FIG. 8 illustrates the operation of a frame packing block incorporating the present invention;

FIG. 9 is a block diagram of a prior art encoder as shown in FIG. 1, using an alternate naming convention for the blocks; and

FIG. 10 is a block diagram of the present invention using blocks named according to the alternate naming convention.

DETAILED DESCRIPTION OF THE INVENTION

The following description is provided to enable any person skilled in the art to make and use the invention and sets forth the best modes contemplated by the inventor for carrying out the invention. Various modifications, however, will remain readily apparent to those skilled in the art, since the basic principles of the present invention have been defined herein specifically to provide fast loop iteration and bitstream formatting method, which is especially suited for MPEG-compliant audio encoding. Any and all such modifications, equivalents and alternatives are intended to fall within the spirit and scope of the present invention.

In standard MPEG-1 Layer III audio encoding, optimal choices of quantization step size and scale factors are obtained by using an iterative technique. In general, a Layer III encoder uses noise allocation. The encoder iteratively varies the quantizers in an orderly way, and quantizes the spectral values. The number of Huffman code bits required to code the audio data are counted, and the resulting noise is determined. If, after quantization, there are still scalefactor bands with more than the allowed distortion (as calculated from the psycho-acoustic model), the encoder amplifies the values in those scalefactor bands and effectively decreases the quantizer step for those bands. The process repeats until either:

1. None of the scalefactor bands have more than the allowed distortion;

2. The next iteration would cause the amplification for any of the bands to exceed the maximum allowed value; or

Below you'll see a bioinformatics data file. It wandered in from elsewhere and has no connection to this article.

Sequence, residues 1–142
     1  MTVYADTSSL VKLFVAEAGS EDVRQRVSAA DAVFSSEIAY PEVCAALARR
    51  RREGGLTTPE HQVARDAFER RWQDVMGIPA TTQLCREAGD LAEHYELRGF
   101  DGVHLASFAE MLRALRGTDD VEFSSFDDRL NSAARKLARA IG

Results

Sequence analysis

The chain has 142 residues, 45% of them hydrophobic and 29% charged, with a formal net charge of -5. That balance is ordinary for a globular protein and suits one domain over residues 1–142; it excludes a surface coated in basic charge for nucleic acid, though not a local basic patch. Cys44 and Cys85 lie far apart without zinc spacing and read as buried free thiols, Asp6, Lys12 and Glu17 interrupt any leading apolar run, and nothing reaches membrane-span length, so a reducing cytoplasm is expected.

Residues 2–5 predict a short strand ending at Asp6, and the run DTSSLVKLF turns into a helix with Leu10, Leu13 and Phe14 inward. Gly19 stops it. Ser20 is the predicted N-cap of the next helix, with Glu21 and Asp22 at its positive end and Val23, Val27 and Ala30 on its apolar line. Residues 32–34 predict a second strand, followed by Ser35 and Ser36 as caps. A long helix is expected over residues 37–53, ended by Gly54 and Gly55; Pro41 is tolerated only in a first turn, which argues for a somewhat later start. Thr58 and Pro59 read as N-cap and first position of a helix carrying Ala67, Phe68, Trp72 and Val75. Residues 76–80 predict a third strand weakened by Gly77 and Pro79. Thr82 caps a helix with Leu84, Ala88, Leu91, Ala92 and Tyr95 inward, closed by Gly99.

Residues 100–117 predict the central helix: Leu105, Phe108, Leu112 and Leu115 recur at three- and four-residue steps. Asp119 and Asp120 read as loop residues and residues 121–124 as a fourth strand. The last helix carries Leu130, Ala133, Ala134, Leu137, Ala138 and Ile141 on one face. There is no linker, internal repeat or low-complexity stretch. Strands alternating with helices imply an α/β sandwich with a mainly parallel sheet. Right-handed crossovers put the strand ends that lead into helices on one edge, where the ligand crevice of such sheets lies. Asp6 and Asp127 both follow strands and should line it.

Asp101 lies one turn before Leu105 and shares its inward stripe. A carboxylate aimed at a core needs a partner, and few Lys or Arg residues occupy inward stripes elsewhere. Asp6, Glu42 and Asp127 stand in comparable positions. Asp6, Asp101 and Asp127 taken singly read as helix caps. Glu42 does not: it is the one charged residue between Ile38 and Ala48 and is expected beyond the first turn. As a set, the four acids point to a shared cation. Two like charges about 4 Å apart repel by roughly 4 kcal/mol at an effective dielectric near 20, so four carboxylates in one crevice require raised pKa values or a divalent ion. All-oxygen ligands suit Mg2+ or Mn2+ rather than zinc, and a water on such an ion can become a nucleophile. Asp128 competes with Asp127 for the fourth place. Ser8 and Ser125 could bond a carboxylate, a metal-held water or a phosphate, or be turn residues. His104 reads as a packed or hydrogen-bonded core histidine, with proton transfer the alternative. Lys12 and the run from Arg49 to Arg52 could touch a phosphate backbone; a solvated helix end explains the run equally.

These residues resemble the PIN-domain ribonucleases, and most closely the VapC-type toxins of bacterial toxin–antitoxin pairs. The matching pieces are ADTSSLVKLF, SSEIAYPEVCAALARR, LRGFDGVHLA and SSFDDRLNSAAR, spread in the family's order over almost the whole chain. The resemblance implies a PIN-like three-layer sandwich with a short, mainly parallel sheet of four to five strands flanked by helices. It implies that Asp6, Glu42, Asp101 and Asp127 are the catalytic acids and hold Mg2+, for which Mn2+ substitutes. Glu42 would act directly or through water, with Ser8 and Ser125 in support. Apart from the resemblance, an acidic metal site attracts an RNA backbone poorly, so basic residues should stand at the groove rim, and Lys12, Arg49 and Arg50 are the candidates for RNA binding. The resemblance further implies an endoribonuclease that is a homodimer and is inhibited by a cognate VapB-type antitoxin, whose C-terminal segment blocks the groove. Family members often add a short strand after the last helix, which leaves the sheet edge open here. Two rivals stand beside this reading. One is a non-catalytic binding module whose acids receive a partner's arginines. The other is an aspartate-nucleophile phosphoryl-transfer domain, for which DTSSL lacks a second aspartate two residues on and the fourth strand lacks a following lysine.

3. The next iteration would require all the scalefactor bands to be amplified.

The above described procedure is known as the “inner iteration loop” for Layer III encoding. FIG. 5 illustrates a flowchart 30 of the “inner iteration loop” for ISO MPEG-1 Layer III audio encoding, as disclosed in the specification document. In order to appreciate the context of the present invention, the flowchart 30 of FIG. 5 will now be described. The flow begins at step 32 and the data is quantized at step 34. If the maximum of all quantized values is within range, then the quantizer step size is increased at step 38, and then the data is re-quantized at step 34. Otherwise, a runlength of zeros at the upper end of the spectrum is counted at step 40. Ordinarily, the upper end of the spectrum contains a string of zeros, and instead of actually using a codebook, it is more efficient to just count the number of zeros. The zeros are then coded as a “runlength” value (i.e. 20 zeros). Similarly, at the upper end of the spectrum there is usually a string of data samples whose values are less than or equal to one (i.e. −1, 0, or +1). At step 42, the runlength for the number of values less than or equal to one is calculated. The actual coded data includes a sign bit, however, and so at step 44 the number of sign bits needed are calculated and added to the code length, in order to produce a total bit count value.